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Biochar captures and stores carbon from the air, acting as a carbon sink on agricultural land and many other scenarios.


CO2e évité par an


Durée en années

Biochar is the lightweight black residue produced through the process of pyrolysis: which involves heating biomass (recently living organisms that are dead) in the absence of oxygen. When mixed with compost and soil, it helps retain carbon from the plants. As a highly stable form of carbon, Biochar sequesters carbon in the soil for several hundreds even thousands of years. 

Biochar also contributes to soil improvement: it can improve soil fertility by increasing nutrient and water retention, and reducing soil acidity, thus can also improve the production level of cropland. Besides, Biochar also improves waste management as it can be produced from a wide variety of organic waste materials, including agricultural waste, forestry waste, and even household waste.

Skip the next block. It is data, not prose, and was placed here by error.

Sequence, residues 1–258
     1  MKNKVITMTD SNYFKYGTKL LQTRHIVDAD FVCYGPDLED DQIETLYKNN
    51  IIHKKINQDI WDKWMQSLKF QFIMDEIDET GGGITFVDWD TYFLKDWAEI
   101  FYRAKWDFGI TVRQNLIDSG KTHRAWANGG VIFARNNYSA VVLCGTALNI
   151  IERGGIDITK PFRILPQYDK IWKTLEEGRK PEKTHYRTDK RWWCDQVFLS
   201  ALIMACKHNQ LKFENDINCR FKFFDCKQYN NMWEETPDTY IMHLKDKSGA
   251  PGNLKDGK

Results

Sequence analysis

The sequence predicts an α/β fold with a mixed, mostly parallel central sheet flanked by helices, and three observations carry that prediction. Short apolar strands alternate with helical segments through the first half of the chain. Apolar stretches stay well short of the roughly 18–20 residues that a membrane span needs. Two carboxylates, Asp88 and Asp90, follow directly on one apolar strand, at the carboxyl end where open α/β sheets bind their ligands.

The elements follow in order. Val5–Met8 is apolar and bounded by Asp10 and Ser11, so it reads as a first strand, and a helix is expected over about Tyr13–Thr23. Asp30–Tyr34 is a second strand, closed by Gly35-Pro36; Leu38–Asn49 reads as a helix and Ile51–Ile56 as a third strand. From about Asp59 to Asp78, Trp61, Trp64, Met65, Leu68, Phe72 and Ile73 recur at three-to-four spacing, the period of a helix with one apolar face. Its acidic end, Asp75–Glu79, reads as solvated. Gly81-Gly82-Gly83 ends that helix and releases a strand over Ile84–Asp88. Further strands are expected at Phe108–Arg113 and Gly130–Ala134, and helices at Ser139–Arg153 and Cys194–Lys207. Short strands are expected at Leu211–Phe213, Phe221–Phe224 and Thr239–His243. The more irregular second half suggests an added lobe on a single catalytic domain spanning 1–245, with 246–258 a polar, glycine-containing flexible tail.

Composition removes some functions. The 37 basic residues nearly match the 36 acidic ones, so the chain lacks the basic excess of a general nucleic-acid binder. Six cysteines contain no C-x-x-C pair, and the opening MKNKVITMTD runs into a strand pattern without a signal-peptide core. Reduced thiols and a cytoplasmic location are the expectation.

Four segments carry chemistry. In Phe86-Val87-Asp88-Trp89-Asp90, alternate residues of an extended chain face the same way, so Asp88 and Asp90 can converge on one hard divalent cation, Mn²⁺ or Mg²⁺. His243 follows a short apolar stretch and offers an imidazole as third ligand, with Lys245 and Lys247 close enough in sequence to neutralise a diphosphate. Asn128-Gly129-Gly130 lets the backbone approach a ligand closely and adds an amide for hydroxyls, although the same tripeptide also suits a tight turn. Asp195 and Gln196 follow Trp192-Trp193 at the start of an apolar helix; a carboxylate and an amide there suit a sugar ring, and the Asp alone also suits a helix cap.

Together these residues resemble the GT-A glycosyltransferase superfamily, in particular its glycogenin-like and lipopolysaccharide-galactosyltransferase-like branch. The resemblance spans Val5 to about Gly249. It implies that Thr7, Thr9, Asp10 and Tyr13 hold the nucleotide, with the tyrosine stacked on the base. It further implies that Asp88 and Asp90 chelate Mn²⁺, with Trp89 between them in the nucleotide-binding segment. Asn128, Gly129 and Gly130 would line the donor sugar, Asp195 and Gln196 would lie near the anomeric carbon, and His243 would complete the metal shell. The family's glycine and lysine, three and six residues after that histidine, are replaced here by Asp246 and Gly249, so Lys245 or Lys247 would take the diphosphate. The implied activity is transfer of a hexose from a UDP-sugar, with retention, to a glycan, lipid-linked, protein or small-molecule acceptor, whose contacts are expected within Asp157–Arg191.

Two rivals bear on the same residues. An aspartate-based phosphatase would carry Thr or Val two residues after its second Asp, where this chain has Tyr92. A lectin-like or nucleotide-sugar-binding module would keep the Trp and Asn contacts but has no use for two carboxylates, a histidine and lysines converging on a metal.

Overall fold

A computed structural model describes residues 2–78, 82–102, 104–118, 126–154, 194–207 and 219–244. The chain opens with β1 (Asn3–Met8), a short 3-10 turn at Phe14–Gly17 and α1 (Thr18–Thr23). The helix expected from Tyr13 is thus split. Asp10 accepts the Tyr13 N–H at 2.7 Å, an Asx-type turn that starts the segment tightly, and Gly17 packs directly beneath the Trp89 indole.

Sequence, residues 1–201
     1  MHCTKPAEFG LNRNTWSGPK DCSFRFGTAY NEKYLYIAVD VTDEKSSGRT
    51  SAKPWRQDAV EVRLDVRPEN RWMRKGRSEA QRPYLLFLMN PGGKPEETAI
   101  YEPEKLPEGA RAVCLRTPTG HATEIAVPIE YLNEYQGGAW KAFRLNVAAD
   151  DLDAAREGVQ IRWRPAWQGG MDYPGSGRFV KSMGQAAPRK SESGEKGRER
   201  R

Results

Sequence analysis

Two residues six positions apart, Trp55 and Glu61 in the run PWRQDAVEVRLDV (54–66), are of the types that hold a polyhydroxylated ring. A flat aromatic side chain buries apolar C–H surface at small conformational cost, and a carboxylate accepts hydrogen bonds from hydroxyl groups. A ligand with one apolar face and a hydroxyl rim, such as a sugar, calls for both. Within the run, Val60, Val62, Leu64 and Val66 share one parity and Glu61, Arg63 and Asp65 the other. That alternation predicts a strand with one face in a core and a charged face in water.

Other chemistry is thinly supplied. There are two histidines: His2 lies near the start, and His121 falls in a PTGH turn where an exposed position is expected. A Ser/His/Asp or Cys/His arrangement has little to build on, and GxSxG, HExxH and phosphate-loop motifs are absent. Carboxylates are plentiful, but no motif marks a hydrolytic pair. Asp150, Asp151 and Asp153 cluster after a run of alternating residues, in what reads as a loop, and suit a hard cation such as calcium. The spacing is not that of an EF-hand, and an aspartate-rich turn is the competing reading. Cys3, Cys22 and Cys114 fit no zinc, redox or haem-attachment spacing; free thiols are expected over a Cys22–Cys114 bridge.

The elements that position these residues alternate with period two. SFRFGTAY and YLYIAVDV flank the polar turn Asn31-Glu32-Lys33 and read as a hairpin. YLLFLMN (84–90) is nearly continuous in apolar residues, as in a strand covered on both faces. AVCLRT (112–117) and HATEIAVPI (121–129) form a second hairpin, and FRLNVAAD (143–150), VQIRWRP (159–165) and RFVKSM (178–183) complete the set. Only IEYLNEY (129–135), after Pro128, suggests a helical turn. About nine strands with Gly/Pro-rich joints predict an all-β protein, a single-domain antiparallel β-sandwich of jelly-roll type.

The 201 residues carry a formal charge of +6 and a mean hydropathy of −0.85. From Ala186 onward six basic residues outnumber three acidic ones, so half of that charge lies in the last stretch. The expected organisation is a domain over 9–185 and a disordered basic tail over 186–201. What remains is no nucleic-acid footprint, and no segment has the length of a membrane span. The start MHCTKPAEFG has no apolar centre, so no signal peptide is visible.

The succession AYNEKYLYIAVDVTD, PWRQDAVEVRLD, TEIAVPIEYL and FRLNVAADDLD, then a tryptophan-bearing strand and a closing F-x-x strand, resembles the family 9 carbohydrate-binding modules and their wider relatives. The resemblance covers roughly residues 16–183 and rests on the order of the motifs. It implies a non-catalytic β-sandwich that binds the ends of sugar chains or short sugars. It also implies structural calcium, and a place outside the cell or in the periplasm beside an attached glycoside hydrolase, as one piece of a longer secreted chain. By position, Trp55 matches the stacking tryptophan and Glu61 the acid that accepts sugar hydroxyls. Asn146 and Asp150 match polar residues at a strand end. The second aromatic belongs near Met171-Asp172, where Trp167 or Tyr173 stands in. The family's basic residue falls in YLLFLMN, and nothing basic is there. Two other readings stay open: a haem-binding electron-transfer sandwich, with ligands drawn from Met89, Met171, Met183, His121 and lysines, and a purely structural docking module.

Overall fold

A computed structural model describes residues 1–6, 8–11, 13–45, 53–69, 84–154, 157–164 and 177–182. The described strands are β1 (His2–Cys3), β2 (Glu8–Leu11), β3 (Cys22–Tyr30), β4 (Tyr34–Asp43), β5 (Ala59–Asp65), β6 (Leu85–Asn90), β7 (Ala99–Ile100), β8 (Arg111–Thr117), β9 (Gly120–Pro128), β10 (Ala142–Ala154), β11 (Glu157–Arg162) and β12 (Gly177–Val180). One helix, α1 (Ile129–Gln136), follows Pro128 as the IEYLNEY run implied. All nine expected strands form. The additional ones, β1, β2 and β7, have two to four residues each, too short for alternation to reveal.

By a conservative estimation in 2019, biochar could deliver a mitigation potential of 1 Gt CO2 per year by 2050. A 2021 review estimated potential CO2 removal from 1.6 to 3.2 billion tonnes per year.

Biochar is most commonly applied to soil, construction, industry, and feed additives for livestock. is the world’s leading carbon crediting program for biochar projects. In addition, Verra also has its biochar methodology (VM0044 Methodology for Biochar Utilization in Soil and Non-Soil Applications), which sets out procedures for quantifying greenhouse gas (GHG) emission reductions from producing biochar and using it in approved soil and non-soil applications.

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